Today, with a nod to millions of merchants worldwide that accept credit card payments, VMware Inc. announced that...
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it has joined the Payment Card Industry Security Standards Council (PCI SSC) to incorporate awareness of virtualization into forthcoming versions of PCI regulations.
With its entrance into PCI SSC, VMware hopes to address confusion about whether virtual environments comply with existing standards for data security."Right now, from an audit perspective, there is confusion around if someone wants to use virtualization, if it can be used in a PCI-compliant environment," said Bill Hau, the vice president of Foundstone Professional Services, a division of security vendor McAfee. Bringing PCI DSS into the virtual world
Founded by a core group of credit card merchants, including American Express, Discover, JCB International, MasterCard, and Visa, PCI SSC developed the PCI Data Security Standard (PCI DSS), which is a set of guidelines that participating merchants must follow to safeguard credit card data. As part of that group, VMware's plan "is to show how certain regulations might need to be adapted to take advantage of virtualization," said Shekar Ayyar, VMware vice president of infrastructure alliances.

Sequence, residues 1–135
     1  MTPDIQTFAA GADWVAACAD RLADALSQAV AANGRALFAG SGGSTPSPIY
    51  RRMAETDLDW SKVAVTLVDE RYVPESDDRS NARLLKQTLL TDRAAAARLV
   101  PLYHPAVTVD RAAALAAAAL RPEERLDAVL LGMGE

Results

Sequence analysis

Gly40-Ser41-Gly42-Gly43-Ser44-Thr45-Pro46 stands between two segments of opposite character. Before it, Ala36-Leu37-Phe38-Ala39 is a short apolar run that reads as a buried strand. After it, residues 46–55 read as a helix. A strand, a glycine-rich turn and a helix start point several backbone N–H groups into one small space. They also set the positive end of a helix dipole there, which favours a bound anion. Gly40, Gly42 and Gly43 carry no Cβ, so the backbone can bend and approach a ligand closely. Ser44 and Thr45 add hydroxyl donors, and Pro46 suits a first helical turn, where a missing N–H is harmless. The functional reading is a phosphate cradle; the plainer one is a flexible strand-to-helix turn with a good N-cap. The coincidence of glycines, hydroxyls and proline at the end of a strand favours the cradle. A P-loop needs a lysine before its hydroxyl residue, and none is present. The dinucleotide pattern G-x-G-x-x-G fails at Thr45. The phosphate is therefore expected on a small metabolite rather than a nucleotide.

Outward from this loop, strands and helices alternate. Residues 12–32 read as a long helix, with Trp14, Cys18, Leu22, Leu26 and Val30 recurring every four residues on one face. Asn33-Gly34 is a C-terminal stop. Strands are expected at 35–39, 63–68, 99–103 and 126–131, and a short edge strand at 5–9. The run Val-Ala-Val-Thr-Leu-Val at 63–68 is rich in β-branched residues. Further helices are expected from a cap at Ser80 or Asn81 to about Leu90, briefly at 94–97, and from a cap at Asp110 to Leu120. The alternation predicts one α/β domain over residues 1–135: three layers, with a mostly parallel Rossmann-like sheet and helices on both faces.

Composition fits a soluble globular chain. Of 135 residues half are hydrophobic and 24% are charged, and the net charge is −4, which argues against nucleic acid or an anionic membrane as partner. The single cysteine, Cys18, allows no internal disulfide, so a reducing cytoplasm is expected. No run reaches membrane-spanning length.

More to the point, VMware partners said that they hoped VMware's presence in the credit card data standards group would help clarify a pressing question: Can virtualized environments be PCI compliant?According to Hau, "some security departments are saying no," which, presents problems for companies handling sensitive data while also striving for the benefits of virtualization. And in fact, some of the provisions in PCI DSS appear to be antithetical to virtualization. A central provision is regulation 2.2.1, for example, which directs merchants to "implement only one primary function per server." In traditional, nonvirtualized environments, regulation 2.2.1 is interpreted to mean running your Web server, application server, database server, etc., all on separate dedicated machines. But with virtualization, regulation 2.2.1 breaks down, since the hypervisor allows multiple systems to enjoy logical separation, even as they share the same underlying hardware, Hau explained. While many PCI auditors (known as qualified security assessors, or QSAs, in PCI-speak) will certify virtualized systems as compliant, not all do, said Dave Shackleford, a former QSA and the director of Configuresoft's Center for Policy and Compliance, the company's research and analysis arm. Right now, "it's left to the subjective guidance of an auditor as to whether they feel that the environment meets PCI compliance," Shackleford said. That lack of clarity "doesn't give you the full warm and fuzzies, that's for sure." Among merchants, auditors and security vendors, the hope is that future versions of PCI DSS will be more explicit about how to properly secure virtualized systems. As it stands, PCI DSS is remarkably devoid of references to virtualization, said Eric Siebert, a senior systems administrator at restaurant chain Boston Market Corp. of Golden, Colo. even though the standard was just updated this October. But with VMware's participation in the PCI group, Configuresoft's Shackleford said he thought the group would address virtualization over the next 12 months in the form of an addendum. "I don't think that they'll wait until 1.3," he said, noting that the gap between PCI DSS 1.1 and 1.2 was two years. "They're getting inundated by some of the biggest customers for guidance on this."